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Hustle and bustle in a shopping centre in Leipzig's city centre: inflation continues to fall steadily

Photo: Jan Woitas / dpa

Inflation in Germany continues to decline due to lower energy prices. The annual inflation rate was 3.8 percent in October, according to the Federal Statistical Office on the basis of provisional figures. It was the lowest value since August 2021, when it was also 3.8 percent. In September, consumer prices had risen by 4.5 percent compared to the same month last year and by 6.1 percent in August. At the beginning of the year, there was even an eight before the decimal point.

Energy cost 3.2 percent less than a year earlier. However, according to preliminary data, food prices also rose at an above-average rate in October (plus 6.1 percent). Significantly higher prices are a burden for consumers. People can afford less for their money. This is slowing down private consumption, which is an important pillar of the German economy.

Many people have recently been forced to do without. In a recently published survey commissioned by the German Savings Banks and Giro Association, 71 percent of the more than 4800,2022 respondents said they had to do without to a lesser or greater extent because of the high prices. This is six percentage points more than in <>. Consumer prices were unchanged in October compared with September.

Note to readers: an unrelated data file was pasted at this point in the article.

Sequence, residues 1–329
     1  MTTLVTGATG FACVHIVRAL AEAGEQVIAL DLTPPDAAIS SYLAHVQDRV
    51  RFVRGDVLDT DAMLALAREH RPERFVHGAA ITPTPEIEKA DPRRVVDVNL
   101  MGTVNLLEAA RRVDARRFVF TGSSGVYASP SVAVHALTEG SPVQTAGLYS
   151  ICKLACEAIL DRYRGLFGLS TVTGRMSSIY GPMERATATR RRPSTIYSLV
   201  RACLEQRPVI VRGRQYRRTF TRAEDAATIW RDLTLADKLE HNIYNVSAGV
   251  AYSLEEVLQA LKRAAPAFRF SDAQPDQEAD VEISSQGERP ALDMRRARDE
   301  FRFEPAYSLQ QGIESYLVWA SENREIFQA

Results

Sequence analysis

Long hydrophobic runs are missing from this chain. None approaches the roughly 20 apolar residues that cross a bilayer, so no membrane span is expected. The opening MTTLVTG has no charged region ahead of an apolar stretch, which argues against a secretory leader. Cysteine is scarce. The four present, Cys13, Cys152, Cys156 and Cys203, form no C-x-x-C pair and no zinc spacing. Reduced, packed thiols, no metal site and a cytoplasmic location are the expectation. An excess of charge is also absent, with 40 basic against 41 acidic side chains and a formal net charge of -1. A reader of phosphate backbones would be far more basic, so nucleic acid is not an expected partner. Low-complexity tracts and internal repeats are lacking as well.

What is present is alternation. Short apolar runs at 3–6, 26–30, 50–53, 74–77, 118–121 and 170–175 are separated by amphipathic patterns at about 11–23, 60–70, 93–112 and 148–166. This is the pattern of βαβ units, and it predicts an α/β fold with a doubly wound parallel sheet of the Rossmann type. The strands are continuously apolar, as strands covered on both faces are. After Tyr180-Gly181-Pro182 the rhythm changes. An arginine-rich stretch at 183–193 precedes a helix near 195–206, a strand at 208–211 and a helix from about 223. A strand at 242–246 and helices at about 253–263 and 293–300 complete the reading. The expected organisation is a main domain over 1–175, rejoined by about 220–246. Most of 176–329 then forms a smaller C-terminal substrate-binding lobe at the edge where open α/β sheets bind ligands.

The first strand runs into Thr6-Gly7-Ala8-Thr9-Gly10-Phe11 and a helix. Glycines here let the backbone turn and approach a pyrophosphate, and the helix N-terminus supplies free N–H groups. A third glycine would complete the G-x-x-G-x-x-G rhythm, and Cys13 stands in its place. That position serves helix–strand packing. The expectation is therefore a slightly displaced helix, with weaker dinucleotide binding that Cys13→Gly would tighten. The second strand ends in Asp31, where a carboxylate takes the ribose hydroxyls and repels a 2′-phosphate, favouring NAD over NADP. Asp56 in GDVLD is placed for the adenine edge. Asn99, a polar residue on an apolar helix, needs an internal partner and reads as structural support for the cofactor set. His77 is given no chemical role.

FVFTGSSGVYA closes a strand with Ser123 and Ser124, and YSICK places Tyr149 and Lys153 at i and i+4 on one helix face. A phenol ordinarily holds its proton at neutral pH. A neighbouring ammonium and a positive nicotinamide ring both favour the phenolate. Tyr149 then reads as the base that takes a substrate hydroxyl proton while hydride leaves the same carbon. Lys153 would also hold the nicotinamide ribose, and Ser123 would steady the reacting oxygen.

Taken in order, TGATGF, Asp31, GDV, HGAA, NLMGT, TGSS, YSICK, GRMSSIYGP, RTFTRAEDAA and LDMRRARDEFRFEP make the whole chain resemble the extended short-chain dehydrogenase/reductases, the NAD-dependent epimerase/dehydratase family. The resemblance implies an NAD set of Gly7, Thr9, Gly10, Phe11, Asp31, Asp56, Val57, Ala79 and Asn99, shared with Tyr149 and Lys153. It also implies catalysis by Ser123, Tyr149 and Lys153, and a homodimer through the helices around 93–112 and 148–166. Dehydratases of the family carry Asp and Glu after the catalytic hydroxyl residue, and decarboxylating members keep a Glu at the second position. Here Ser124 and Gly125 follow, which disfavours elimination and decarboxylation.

Economists expect inflation to weaken further

According to economists, inflation is likely to weaken further by the end of the year. Leading economic research institutes recently expected the inflation rate to fall to 2.6 percent next year, after an expected average of 6.1 percent for the current year.

The HICP index of consumer prices, which is collected for European purposes, also fell sharply. The annual rate fell from 4.3 percent in the previous month to three percent in October. Economists had expected a rate of 3.3 percent.

The European Central Bank (ECB) has so far raised interest rates ten times in a row to combat elevated inflation in the euro area and Germany. Higher interest rates make loans more expensive, which can curb demand and counteract high inflation rates. The ECB believes that its goal of stable prices has been achieved with inflation of 2.0 percent in the euro area in the medium term.